Solid-state battery startup Solid Power on Monday announced installation of a pilot production line for battery cells—a big step toward delivering cells to automakers for testing.
Solid Power plans to produce cells for internal testing first, but plans to deliver cells to investors BMW and Ford for evaluation before the end of the year, the company said in a press release. That means Solid Power is on track to meet a deadline discussed last year.
The pilot line produces Solid Power’s large-format sulfide-based cells in a manner that mimics production processes for the lithium-ion cells used in current electric cars, the company claims.
Solid Power stacking machine, part of pilot battery production line
At full capacity, the pilot line’s expected capacity is 300 cells per week, or 15,000 cells per year, according to Soild Power. The majority of those cells will go to automakers for testing, the company said.
Like other solid-state battery developers, Solid Power claims increased energy density, allowing more energy to be stored in a given volume. The company’s special sauce is an anode made with over 50% silicon.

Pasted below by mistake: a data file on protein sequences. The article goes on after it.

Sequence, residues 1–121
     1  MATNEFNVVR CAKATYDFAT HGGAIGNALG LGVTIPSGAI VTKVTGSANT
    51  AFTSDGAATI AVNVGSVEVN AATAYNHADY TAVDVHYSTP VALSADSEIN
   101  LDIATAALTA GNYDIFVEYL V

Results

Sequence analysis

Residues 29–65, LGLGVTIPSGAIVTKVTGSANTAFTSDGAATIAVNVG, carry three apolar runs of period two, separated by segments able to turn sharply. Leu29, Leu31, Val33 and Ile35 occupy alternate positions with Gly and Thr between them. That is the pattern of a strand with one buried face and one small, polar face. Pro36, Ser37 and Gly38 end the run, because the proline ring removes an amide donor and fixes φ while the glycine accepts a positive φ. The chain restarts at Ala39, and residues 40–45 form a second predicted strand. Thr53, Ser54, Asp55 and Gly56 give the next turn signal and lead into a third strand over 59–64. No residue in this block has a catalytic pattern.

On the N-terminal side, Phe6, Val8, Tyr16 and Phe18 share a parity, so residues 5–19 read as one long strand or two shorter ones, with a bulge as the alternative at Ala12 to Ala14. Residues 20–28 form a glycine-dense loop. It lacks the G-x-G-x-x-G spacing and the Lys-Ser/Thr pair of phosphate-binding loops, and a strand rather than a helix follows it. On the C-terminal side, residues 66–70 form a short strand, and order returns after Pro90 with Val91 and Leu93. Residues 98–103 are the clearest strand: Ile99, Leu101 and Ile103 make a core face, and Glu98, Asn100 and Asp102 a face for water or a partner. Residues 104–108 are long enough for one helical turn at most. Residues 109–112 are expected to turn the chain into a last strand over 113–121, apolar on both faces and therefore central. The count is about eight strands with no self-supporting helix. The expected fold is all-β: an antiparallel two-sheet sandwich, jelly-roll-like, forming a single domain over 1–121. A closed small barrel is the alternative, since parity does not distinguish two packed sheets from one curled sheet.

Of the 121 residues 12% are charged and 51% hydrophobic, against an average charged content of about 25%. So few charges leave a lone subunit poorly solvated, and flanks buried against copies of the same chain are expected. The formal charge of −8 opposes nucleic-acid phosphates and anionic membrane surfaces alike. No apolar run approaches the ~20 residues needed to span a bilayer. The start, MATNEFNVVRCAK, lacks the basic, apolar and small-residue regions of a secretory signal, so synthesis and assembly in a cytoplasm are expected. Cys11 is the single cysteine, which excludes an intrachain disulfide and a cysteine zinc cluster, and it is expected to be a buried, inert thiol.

Research suggests that solid-state cells aren’t always safer than conventional lithium-ion cells. But Solid Power performed a safety demonstration of its cell tech last fall—with some positive safety claims.
Solid Power solid-state battery cells
BMW and Ford made initial investments in Solid Power in 2017 and 2019, respectively. Ford hasn’t discussed a specific timeline, but BMW has said it plans to have prototype solid-state batteries ready by 2025, and production versions by 2030.
Other automakers are investing in solid-state battery development. Volkswagen is backing startup QuantumScape, while Toyota is developing solid-state batteries in-house. It aims to use the cells in a hybrid by 2025. Nissan also has big plans to perfect solid-state batteries on its own, with an eye toward using them in electric pickup trucks and SUVs.